Americans have a reputation for not eating very well which is disputed by the fact that whenever I have a group of guests come to Paris, everyone is always craving fresh vegetables. Another interesting paradox is that portions in America are huge, yet Americans who come to France (where the portions are more reasonable) find themselves quickly full when dining out. And after a couple of days, they start begging away from heartier fare in search of a big bowl or plate of vegetables or a large salad, one with lots of vegetables in it.
People and restaurants in Paris don’t eat or serve raw vegetables much, except in les crudités – usually a trio of simple salads of grated carrots, celery remoulade, wedges of tomatoes, cucumbers, or sometimes even some beets tossed in dressing. Which aren’t technically raw (unless they’re grated), but sticklers are welcome to raise a fuss with the locals if they so desire. But with everyone on le régime (a diet) around here, you’d think vegetables would be more popular.
All summer long, I eat raw vegetable salads to counteract the rich foods I’ve been eating all winter, which previously could be hidden underneath bulky wool coats and scarves tied securely around my neck. But when it’s warmer out, I stock up on vegetables as best I can, changing what I buy according to what I find at the market. And I always pick up a few heads of fresh garlic as well, which has a season, too.
You never see raw garlic being served in Paris restaurants, or anything too garlic-heavy, most likely because of the smell. Humorously, when I ate at a Korean restaurant on the rue Saint-Anne with some friends recently, on the way out, the hostess offers each of us a piece of minty chewing gum. (I noticed quite a few declined and simply lit up a cigarette, which something tells me doesn’t have quite the same effect.)
I’ve noticed folks here often makes salad with canola oil, rather than olive oil, too. A friend who is a good cook said that ten years ago she never would have dreamed of using olive oil in her cooking. And in fact, if you look at a lot of classic aïoli recipes, many use a combination of olive and neutral-tasting oils, because the flavor of olive oil is so strong. (Remember “Trop de goût”?) Having used olive oil all my life in salad dressings, I’ve taken a cue from them and will now sometimes play around with grape seed oil, or another interesting variety.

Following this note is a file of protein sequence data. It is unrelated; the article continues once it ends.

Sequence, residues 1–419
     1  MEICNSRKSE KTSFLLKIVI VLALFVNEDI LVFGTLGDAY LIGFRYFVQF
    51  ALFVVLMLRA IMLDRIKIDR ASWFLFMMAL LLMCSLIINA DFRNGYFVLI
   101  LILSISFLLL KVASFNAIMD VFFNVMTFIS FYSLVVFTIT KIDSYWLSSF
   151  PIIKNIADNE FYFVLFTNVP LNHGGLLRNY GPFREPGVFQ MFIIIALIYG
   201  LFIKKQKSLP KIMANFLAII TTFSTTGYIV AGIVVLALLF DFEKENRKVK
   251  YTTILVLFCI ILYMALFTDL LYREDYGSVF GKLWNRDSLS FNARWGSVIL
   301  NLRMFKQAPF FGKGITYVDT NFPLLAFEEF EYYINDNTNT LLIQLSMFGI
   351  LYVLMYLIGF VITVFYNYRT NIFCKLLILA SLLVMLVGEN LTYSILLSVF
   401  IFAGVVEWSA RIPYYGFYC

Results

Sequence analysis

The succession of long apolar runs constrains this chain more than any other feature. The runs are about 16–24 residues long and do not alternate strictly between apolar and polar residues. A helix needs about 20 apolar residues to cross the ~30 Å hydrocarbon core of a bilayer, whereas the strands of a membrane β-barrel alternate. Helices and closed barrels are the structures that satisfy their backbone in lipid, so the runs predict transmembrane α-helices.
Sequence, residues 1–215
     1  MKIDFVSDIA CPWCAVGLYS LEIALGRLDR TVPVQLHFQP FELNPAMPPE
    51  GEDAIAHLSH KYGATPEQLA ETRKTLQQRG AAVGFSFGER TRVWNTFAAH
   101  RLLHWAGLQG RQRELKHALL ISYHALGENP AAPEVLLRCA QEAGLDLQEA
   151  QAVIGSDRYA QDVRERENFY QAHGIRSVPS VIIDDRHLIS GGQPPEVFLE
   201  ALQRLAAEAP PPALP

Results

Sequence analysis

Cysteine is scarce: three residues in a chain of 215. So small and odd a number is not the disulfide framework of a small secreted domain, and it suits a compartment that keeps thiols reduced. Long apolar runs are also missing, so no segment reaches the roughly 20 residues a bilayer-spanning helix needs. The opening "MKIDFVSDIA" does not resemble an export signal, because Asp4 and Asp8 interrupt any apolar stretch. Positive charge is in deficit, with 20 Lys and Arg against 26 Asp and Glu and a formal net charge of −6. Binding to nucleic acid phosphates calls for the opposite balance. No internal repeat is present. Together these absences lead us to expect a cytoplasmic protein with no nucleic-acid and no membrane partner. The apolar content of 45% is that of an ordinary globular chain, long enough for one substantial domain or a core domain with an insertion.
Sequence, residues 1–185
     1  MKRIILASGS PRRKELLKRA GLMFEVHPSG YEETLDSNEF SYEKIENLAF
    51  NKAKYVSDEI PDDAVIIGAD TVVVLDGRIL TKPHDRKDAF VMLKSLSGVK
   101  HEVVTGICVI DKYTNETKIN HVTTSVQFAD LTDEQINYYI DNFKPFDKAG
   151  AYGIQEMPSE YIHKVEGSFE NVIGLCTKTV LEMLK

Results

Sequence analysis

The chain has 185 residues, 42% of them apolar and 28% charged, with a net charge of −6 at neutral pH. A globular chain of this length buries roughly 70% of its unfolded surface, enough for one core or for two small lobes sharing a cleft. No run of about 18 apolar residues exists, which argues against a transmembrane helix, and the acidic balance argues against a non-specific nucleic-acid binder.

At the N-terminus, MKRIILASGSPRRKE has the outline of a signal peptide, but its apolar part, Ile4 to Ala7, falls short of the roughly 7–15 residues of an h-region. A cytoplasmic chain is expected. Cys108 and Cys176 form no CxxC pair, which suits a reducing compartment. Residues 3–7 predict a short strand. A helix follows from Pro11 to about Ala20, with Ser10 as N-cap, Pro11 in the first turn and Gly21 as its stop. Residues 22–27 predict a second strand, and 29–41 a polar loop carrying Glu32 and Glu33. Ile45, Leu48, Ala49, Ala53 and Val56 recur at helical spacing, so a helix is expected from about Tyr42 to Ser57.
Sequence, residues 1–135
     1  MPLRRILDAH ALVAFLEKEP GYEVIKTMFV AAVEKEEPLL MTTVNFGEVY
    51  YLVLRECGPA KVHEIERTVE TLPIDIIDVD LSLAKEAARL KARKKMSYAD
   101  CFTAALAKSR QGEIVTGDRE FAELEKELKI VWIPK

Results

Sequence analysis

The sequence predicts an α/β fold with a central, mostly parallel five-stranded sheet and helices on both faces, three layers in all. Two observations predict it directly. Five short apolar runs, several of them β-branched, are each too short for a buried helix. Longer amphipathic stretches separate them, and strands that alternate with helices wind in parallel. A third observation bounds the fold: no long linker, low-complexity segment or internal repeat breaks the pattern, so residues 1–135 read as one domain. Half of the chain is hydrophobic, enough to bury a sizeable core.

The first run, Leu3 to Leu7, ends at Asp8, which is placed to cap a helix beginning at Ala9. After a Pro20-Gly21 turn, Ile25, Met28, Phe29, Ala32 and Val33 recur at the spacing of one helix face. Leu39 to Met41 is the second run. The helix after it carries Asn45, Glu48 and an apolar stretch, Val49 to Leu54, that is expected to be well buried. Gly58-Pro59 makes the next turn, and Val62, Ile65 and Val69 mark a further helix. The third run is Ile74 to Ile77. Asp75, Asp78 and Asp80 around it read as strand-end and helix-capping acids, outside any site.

When summer comes, or when I’ve eaten too many meals in restaurants, I pull out my big salad bowl daily. And I’ll keep the oven off and get out my cutting board to make a variation of this chopped vegetable salad. And whenever I grate some fresh garlic into the dressing, I realized how much I like it. It’s especially good with romaine lettuce, and I’ve decided I’m going to start eating a lot more garlic..because I like it!
One of my favorite tricks is to use a rasp-style grater to prepare the garlic, so I don’t need to worry about getting my cutting boards all garlicky. It’s my small effort to keep everything in the city less-fragrant. Well, just a little.
Chopped Vegetable Salad with Lemon-Garlic Dressing
I guess I’m more French than I thought because I’m not a fan of very hard vegetables raw, like broccoli, cauliflower, or green beans. So if I use them, I blanch or steam the vegetables lightly, to make them a bit more palatable.
For the dressing:
- 2 cloves garlic, peeled and grated or minced
- 2 tablespoons fresh lemon juice
- 1 teaspoon kosher or sea salt
- 1/2 teaspoon Dijon mustard
- 1/4 cup (60ml) olive or grape seed oil, or another favorite oil
For the salad:
6 cups (700g) mixed chopped vegetables and other additions, such as:
-Cubed grilled chicken
-Batons of baked tofu
-Crumbled feta, goat, or blue cheese
-Shredded romaine, radicchio, or gem lettuce
-Sliced or quartered radishes
-Grated or julienne-cut carrots
-Shredded red cabbage
-Minced parsley or chives
_Lightly steamed or blanched broccoli, cauliflower, green beans, or asparagus
-Diced hard-cooked eggs
-Quartered cherry tomatoes
1. In a large salad bowl, mix together the garlic, lemon juice, salt, and mustard with a fork
2. Add the olive oil and stir with the fork until the dressing is well mixed. (I don’t emulsify the dressing as I feel it gets too heavy and thick.)
3. Add the salad ingredients and toss well.